I'm positive he has very well though out reasons for doing things the way he does.

He always has very good reasoning for what he says, and when he is in error, it's to the conservative side, where nothing blows up or catches fire!!

(He isn't just spouting off what he's heard somewhere without understanding how the system works, he knows his stuff!!)
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This is just the way I do it, and the reason WHY I do it that way...
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The #2 wire is the 'Sensor' wire for the voltage regulator, and it also supplies the power to energize the alternator so it will put out.
I prefer to connect that wire to a power source that is after the normal load of the vehicle, that way the alternator's regulator has a more accurate idea of what the vehicle loads really are.

If you run it straight back to the battery, all the alternator gets input from is the voltage at the positive terminal.
By the time you add up old, corroded or dirty connections, all of the parasitic loads, all of the loads of added on do-dads like extra lights and radios, bad grounds, ect, 12.8 volts and nearly zero amperage (after catching up from initial start up) at the battery doesn't mean much on vehicles with large drains after the battery...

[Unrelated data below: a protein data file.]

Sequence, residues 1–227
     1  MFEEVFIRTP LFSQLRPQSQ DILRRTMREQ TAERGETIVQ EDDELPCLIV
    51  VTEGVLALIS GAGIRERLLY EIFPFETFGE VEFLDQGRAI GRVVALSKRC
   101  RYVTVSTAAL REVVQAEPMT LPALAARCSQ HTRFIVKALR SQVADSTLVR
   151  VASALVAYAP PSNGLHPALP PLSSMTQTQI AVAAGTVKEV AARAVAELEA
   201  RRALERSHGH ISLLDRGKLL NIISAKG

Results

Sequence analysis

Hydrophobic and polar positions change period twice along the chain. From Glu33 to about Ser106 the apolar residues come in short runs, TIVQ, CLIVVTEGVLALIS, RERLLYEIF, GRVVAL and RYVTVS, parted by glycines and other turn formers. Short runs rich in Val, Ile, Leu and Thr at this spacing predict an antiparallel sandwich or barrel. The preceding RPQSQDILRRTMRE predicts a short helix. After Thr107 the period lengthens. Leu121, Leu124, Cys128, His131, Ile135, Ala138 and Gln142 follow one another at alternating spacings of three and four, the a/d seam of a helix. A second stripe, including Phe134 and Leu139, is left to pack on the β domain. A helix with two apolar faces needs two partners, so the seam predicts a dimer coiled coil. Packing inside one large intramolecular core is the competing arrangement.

The battery voltage may be 12.8 or slightly higher, but it may take 14.5 volts and considerable amperage to get enough current through to some of the more out of the way goodies...
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Hooking the #2 wire up post parasitic load will also sense when the voltage drops in the system. Say when big lights or a winch on a separate circuit are used, and put a drain on the system...
It will tell when the system voltage drops, and crank up the alternator.

I especially like hooking up the #2 wire post fuse box if the vehicle has a computer of one sort or another.
It helps keep the current steady at the fuse box for the computer...
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The battery also acts like a giant capacitor to buffer the supply vs. demand.
Have you ever seen a vehicle where you pull the headlights on and turn something like the heater on and the headlights dim?
That is the battery working as a buffer. The lights will stay dim until the alternator besides the battery is in trouble, and kicks up the current some.